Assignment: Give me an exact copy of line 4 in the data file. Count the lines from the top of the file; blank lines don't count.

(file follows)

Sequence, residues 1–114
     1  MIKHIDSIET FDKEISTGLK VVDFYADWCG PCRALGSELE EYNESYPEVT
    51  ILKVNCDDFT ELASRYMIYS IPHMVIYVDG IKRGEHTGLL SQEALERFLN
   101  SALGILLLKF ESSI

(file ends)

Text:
   101  SALGILLLKF ESSI